We are homeward bound after four weeks on the road. We’ve been through parts of Alberta, British Columbia, Washington, Oregon, Idaho, Montana and Wyoming. Yet to come: Nebraska, Iowa and Illinois. It’s been a fun trip, a good distraction from saying goodbye to our Kiwi family. We visited with two families that we knew in Alaska many years ago, an old Elmhurst neighbor, and another family from our Woodside days, plus friends we know from ABS in New Zealand when we were traveling with James and Anne.
We’ve seen a lot of scenery. As I write we are winding our way through the Wind River Canyon in the Copper Mountains of Wyoming. We stamped our National Park Passport in Olympic National Park, Mount St. Helens, Hells Canyon, Lolo Pass, and Yellowstone. Our real passports have been stamped in Edmonton and Victoria. All of it has been beautiful and fascinating, but Oregon has been the biggest surprise.
First of all, before I ever set foot in Oregon I was tutored in the proper pronunciation: the last syllable sounds like “gun”.
Second surprise came as we left the Columbia River Gorge and the rest of the state turned dry and brown. I thought the whole state of Oregon would be lush and green, but once we passed the Cascades, we were in high desert for two-thirds of the state. The Oregon Trail took on new meaning as a result, as well as portions of the Lewis and Clark Trail.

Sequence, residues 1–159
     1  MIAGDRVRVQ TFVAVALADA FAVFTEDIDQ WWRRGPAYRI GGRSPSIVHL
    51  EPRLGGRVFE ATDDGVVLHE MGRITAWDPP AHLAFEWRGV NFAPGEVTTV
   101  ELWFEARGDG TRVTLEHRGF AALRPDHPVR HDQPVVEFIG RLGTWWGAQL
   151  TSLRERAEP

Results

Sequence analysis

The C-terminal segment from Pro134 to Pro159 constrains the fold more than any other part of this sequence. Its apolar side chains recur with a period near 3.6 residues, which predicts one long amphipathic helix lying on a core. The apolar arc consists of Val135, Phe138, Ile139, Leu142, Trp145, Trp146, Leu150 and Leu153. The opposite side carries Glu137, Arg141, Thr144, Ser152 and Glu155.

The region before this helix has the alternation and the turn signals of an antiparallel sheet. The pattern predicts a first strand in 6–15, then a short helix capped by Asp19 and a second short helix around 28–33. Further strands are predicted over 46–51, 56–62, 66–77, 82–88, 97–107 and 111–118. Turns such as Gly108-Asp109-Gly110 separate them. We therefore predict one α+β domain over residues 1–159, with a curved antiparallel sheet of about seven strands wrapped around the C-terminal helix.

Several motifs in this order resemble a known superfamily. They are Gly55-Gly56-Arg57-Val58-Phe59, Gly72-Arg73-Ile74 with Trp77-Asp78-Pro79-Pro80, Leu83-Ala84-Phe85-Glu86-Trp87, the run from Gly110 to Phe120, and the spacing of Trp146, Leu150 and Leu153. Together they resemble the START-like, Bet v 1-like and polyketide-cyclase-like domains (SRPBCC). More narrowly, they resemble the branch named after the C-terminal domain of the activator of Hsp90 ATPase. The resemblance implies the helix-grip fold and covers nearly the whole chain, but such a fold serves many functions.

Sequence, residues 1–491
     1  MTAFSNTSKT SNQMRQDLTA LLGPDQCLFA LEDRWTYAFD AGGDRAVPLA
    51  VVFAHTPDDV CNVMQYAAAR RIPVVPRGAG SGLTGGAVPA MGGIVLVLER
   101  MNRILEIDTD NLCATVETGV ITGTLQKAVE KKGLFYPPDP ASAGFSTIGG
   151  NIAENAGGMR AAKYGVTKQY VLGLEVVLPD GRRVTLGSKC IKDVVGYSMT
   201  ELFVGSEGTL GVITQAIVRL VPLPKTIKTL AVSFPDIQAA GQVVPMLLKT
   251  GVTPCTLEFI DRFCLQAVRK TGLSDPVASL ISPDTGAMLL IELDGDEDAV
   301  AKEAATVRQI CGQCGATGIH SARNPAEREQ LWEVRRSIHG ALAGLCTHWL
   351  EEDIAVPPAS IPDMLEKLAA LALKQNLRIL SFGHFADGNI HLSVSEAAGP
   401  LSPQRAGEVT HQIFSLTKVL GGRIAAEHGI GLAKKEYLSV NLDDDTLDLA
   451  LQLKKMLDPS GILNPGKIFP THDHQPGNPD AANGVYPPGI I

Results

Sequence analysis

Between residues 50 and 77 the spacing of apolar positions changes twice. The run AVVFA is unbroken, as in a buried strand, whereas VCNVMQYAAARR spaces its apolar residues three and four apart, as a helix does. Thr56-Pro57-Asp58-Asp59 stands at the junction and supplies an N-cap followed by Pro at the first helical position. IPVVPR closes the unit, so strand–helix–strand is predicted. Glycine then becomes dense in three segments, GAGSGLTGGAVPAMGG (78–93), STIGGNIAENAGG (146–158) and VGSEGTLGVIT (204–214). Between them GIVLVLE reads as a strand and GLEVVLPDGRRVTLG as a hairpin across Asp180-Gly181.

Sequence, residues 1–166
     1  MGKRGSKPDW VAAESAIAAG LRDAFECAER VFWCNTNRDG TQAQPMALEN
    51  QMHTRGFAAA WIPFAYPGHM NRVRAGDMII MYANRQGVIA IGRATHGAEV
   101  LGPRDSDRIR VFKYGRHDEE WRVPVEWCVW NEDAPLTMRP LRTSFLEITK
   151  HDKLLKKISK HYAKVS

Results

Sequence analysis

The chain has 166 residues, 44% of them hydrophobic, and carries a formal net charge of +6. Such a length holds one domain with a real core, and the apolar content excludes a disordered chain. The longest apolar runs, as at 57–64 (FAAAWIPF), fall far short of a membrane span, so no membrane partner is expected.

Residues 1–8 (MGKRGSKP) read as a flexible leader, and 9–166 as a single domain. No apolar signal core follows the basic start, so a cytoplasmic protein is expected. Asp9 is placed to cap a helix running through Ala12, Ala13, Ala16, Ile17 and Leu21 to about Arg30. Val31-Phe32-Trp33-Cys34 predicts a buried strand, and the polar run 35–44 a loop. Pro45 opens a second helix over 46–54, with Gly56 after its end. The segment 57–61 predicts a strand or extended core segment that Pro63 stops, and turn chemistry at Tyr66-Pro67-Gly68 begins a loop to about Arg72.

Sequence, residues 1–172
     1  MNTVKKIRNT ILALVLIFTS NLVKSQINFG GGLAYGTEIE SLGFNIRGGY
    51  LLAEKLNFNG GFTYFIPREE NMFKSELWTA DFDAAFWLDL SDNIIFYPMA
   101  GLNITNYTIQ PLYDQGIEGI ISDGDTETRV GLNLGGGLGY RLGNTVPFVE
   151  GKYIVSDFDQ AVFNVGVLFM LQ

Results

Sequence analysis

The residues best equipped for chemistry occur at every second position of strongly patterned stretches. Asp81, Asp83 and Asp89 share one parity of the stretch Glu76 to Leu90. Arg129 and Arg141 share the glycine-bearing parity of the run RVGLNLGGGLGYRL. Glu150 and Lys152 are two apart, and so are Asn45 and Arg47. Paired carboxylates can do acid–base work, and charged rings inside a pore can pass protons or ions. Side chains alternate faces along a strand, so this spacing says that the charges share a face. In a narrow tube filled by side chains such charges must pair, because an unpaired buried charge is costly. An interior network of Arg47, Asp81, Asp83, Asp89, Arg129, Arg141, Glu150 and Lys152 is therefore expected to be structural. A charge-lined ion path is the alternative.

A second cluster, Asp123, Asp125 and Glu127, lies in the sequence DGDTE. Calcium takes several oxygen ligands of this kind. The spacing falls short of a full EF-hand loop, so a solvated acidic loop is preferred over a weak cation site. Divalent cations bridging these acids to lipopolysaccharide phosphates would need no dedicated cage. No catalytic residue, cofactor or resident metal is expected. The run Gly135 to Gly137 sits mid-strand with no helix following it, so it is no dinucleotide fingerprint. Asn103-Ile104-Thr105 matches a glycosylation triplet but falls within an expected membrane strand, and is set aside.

In Halfway, we learned about irrigation as a way of life. One man in church told us that he’d been threatened with his life over water issues in the 1970s as a newcomer to the area. Yikes!
Today we made a diagonal beeline through the state of Wyoming, starting at the northwest corner (Powell) and ending in Cheyenne, enjoying the last of the mountains along the horizon in both directions. I so badly wanted to dip down into Colorado for more adventures rather than heading east into Nebraska. Do we really have to go home?
I’ve decided that I like road tripping. It probably helped the we were able to pick up our car on the west coast and only traveled in one direction, but it has been fun to see so much in a brief time. The airbnb’s at the beginning of our trip were fun; the hotels not so much. The best accommodations were with friends.
P.S. Johnny obviously managed life without us. He had a rocky start, but did well enough with the help of “Aunt Marilyn and Uncle Dunc.” Continue to pray for him as we push for a more settled lifestyle and more independence over the next few months.